“We will not be afraid.”

“We will not abandon Israel in her hour of need.”

While fury and indignation fuel the courage needed during this time, I cannot allow myself to be consumed by the intensity of those feelings.  I need the comfort of Jewish life which I find in community and observance. Shabbat is an opportunity for both. Each week, I prepare our table with Challah and wine and light candles, say the blessings, sing, and give thanks. On Saturday, I wake up and head over to synagogue, walk in and take in the musty familiar smell and am comforted by the people I see week in and week out. I find reassurance in the rows of wooden pews, the deep purple rug, the eternal light above the bimah. This week an empty chair was placed on the bimah to remember one hostage and blue ribbons were available to wear in dedication to their safe return. It is good to be with people as we go through this dreadful time together.

This week, FBI Director Christopher Wray testified that the threat against Jews “is reaching, in some way, sort of historic levels.” He went on “the Jewish community is “targeted by terrorists really across the spectrum including homegrown violent extremists, foreign terrorist organizations, and domestic violent extremists.  In fact, our statistics would indicate that for a group that represents only about 2.4% of the American public, they account for something like 60% of all religious-based hate crimes,”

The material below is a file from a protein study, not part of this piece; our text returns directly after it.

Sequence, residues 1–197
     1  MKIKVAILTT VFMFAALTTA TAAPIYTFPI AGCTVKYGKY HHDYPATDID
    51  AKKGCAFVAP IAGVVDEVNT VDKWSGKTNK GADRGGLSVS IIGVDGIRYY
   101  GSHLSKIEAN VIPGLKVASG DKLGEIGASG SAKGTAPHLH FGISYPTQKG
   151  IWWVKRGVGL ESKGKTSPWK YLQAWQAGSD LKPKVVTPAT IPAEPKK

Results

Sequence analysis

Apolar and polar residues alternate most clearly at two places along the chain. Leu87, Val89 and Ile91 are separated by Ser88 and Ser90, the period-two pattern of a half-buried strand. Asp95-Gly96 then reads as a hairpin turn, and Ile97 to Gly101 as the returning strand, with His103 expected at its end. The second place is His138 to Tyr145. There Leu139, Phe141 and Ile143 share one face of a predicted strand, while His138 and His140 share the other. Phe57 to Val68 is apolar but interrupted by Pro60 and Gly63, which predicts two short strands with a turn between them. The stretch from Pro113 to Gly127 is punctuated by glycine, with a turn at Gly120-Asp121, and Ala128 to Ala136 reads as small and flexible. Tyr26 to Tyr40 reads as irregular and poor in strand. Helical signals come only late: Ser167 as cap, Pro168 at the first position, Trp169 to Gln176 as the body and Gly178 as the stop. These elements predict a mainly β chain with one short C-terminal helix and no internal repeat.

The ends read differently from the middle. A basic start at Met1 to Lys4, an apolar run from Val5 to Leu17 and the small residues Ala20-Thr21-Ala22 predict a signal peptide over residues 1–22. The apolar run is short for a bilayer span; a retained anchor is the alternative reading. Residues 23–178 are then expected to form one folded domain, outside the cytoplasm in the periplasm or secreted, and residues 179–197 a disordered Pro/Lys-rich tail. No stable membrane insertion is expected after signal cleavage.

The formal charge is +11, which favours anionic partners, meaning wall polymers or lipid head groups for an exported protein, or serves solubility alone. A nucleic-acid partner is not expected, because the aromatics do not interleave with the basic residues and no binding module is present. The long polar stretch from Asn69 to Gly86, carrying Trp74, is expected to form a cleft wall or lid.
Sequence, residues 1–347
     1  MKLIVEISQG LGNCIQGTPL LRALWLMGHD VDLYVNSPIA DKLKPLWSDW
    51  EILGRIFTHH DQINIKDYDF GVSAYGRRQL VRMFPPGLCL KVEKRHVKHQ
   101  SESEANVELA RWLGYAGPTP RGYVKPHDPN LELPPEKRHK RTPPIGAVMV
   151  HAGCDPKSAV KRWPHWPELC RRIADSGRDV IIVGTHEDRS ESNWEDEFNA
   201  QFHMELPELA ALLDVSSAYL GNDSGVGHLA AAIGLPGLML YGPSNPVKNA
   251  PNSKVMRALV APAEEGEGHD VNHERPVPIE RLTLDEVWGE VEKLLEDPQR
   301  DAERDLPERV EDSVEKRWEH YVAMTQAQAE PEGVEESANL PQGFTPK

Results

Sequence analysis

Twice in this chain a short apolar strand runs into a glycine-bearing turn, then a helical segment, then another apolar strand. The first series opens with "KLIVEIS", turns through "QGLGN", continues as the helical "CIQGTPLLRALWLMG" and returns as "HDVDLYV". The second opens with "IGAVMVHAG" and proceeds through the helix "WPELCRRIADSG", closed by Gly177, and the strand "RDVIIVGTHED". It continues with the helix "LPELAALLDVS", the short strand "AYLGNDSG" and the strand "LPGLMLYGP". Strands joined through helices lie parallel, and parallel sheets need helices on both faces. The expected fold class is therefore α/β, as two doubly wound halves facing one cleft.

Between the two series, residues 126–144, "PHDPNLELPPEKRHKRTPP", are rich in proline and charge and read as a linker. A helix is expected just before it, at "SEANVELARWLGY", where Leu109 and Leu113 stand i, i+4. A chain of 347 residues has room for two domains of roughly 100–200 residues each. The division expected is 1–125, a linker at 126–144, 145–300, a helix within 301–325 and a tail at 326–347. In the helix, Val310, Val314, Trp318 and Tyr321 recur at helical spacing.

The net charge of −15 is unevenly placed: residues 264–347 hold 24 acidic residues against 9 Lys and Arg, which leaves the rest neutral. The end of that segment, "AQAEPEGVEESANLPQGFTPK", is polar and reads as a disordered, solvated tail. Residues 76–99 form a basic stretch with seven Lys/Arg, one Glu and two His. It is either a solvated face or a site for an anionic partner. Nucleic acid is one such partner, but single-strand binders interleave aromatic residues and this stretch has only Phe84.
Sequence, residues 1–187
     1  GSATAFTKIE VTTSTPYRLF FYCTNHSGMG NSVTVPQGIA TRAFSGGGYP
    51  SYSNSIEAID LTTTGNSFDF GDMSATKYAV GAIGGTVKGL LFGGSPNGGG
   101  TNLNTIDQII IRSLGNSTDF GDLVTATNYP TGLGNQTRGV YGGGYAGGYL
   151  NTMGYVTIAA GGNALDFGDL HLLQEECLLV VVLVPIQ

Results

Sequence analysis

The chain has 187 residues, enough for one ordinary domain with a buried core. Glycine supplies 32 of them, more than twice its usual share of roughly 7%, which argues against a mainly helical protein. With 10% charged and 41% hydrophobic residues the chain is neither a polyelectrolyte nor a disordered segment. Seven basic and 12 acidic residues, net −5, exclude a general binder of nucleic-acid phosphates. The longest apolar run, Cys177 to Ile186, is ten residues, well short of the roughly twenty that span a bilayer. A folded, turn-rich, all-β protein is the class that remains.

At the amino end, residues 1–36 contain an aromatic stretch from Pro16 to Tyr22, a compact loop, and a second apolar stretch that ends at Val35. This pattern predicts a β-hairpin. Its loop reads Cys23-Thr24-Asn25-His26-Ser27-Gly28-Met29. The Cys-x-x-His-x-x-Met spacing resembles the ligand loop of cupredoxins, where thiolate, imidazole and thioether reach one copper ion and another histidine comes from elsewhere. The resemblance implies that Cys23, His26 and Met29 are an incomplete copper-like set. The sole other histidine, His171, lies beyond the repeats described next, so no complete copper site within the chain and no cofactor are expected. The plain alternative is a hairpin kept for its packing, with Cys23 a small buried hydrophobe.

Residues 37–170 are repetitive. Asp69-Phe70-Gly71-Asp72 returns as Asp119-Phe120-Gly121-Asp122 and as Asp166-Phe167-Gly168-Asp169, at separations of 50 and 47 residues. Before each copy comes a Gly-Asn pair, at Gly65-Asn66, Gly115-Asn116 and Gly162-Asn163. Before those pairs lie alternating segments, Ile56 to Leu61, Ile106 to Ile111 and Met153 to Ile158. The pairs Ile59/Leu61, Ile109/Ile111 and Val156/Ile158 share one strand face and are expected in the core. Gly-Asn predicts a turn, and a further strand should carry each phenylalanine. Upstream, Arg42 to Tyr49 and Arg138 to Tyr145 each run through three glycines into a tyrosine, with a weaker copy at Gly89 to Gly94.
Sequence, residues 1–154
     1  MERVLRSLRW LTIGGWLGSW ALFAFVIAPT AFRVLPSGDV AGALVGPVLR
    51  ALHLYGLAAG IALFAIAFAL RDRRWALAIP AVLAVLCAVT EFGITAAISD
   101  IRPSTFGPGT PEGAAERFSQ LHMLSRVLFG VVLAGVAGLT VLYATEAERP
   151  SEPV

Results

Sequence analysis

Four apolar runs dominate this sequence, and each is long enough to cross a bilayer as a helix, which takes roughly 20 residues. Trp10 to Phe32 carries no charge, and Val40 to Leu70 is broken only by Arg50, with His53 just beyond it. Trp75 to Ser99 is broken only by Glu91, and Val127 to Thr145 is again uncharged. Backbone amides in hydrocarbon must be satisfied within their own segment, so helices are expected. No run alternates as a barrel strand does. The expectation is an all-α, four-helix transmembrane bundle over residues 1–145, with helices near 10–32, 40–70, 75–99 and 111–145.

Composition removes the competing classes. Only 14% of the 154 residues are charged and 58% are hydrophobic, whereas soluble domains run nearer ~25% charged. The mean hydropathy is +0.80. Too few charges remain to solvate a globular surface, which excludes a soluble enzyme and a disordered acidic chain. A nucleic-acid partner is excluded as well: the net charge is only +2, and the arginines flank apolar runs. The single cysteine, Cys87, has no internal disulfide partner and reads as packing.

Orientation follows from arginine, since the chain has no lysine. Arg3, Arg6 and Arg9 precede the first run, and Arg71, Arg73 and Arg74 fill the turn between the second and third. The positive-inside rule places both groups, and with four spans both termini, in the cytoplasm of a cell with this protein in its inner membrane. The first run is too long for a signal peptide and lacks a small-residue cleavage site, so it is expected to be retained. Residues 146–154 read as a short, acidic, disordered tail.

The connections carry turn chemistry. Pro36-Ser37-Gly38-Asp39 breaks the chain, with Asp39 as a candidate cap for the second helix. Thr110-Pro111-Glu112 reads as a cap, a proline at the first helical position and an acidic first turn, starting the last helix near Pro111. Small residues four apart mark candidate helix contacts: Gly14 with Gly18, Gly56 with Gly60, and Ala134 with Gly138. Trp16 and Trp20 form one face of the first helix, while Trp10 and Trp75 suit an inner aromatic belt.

The cause of antisemitism is not the Palestinian-Israeli conflict; it is antisemites and their enablers. Many of the people running our institutions of higher education have failed in their responsibility to defend human rights, diversity, democracy and the safety of their students.  Instead they have made common cause with violent ideologies that scapegoat Israel for the entire history of colonialism.

It is not like me to be bitter.

My faith speaks against bitterness.

The great challenge is to see our shared humanity beyond this moment, and hope that out of the ashes something better will come.  In the meantime, the honor of being Jewish sustains me and allows me to accept that with the privilege, comes the obligation to affirm life during this very dark time.

About the Author
Audrey Levitin is a Senior Consultant at CauseWired, a firm working with human rights and civil liberties organizations. For 15 years she was the Director of Development at the Innocence Project. She served as Co-Chair of US/Israel Women to Women, now a project of the National Council of Jewish Women. She is an essayist and her work has been seen in the Star Ledger, The Forward, MetroWest Jewish Week, and Cape Cod Life. She and her husband, photographer Nick Levitin live in West Orange, New Jersey.